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Understanding Click Concealment

Click concealment is the name given to the process whereby individual clicks are removed from a recording and replaced by a wave shape that is less offensive to the human ear. Because the original signal is obliterated by the click, concealment algorithms construct a replacement waveform by analysing the known waveform on either side the click. 

Wave Corrector's automatic mode of click concealment is more than adequate for general use. However, audiophile users archiving treasured record collections may wish to achieve even cleaner results by utilising Wave Corrector's waveform comparison and editing functions.

These notes are provided to enable you to use these features to the full.

The Limitations of Click Concealment
All click concealment programs must balance the conflicting requirements of detecting as many clicks as possible whilst at the same time not being triggered by musical forms resembling a click. When this balance is incorrect, the result will be:
  • false negatives - the failure to detect a click even though it is audible to the human ear.
  • false positives  - detecting and modifying parts of the music which the ear does not perceive as a click.
  • a combination of both the above.
    Wave Corrector's advanced features help to overcome these limitations.

    False Negatives
    False negatives are relatively rare with Wave Corrector. However, if a click has slow rising and falling edges, then Wave Corrector may fail to identify it, particularly if the click detection threshold is set at a relatively insensitive value.
    These missed clicks can usually be tracked down by using Wave Corrector's 'Block Re-scan' operation. 

    However, if this does not work, it is possible to manually insert one or more individual corrections. This is quite difficult because you need to learn how to visually identify a click from the shape of its waveform. Having identified it, you then insert a correction precisely over the centre of the click and adjust the width to obtain the optimum audio quality. See Inserting New Corrections for a description of this process.

    False Positives
    False positives are rather more numerous than false negatives, but they are much easier to deal with. The vast majority can in fact be ignored since they impart only minor changes to the waveform which are usually inaudible.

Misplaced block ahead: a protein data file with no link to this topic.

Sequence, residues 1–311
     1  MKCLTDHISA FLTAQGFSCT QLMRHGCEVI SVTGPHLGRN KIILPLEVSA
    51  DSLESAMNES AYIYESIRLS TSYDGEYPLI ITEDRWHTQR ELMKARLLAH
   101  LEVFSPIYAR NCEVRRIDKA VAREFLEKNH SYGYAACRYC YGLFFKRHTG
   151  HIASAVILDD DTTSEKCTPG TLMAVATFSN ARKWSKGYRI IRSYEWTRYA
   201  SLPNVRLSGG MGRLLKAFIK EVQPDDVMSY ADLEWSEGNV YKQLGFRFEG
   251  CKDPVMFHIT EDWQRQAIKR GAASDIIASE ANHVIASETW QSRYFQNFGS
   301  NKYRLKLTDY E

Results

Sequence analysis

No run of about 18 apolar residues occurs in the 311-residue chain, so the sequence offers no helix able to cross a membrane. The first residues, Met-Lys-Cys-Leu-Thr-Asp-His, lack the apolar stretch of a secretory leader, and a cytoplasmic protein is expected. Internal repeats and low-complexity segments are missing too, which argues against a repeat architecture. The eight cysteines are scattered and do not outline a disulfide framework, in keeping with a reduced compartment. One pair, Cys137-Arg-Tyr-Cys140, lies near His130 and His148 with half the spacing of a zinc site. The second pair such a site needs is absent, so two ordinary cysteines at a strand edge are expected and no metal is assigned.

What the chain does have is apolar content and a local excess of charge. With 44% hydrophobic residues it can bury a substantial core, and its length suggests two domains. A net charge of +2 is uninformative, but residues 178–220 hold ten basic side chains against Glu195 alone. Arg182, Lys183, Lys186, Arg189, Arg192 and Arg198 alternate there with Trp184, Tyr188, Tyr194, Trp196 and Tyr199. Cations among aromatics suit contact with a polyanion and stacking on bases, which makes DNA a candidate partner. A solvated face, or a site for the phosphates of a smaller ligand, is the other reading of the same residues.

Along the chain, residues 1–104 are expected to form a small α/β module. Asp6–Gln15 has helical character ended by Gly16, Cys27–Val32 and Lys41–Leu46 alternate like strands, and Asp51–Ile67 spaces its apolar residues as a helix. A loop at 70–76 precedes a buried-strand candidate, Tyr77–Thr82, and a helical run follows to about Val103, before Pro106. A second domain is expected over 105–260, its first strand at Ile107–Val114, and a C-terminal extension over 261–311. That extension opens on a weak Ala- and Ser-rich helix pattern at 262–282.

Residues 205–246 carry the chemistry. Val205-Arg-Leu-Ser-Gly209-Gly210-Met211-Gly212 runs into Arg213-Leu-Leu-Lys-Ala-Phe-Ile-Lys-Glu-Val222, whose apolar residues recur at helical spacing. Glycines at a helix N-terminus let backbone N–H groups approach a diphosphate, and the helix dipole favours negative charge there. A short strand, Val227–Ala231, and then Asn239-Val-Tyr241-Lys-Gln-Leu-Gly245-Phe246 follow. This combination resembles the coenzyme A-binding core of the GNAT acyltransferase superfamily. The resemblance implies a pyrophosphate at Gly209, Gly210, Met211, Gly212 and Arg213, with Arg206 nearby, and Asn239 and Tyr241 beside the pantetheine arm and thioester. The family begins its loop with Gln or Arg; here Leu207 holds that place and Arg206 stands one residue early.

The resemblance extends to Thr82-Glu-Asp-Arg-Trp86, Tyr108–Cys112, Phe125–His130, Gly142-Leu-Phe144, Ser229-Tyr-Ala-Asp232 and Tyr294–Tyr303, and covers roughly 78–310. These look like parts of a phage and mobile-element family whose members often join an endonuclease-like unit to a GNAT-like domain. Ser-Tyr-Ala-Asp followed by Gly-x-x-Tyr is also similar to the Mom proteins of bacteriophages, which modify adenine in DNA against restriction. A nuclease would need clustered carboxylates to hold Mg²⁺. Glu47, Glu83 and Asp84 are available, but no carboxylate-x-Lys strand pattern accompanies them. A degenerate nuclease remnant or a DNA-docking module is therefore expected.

However, if you wish to obtain maximum fidelity to the original recording. any corrections which do not appear to serve a purpose can be easily deleted using either the 'Block - Remove Corrections' command or else the 'Delete Correction' command if you just want to remove a single correction.

    To help you identify the location of false positives, Wave Corrector provides the option of displaying a 'correction signature' in the Overview window. The signature indicates the rate at which Wave Corrector is  making corrections during the course of the wave file. A high correction rate during medium to high amplitude music is probably indicative of the false operation of the click detector. Such areas should be auditioned and false corrections removed if necessary. See Removing Corrections for a description of this process.

    Adjusting Corrections
    Although the majority of Wave Corrector's auto-corrections are inaudible at normal listening levels, there are occasions when a click is not completely removed. To minimise correction artefacts, Wave Corrector retains as much of the original waveform as possible and this can sometimes allow small portions of a click to slip past the corrector. Usually, this will only affect the highest magnitude clicks highlighted in red in the correction list. (These can be located using the Find Correction commands.) 

    For these situations, Wave Corrector allows you to make fine adjustments to corrections. A correction can be made wider or narrower; and it can be shifted to the left or the right. By these means, the audible artefacts of the correction can be minimised. During adjustment, use the Audition commands to optimise your result.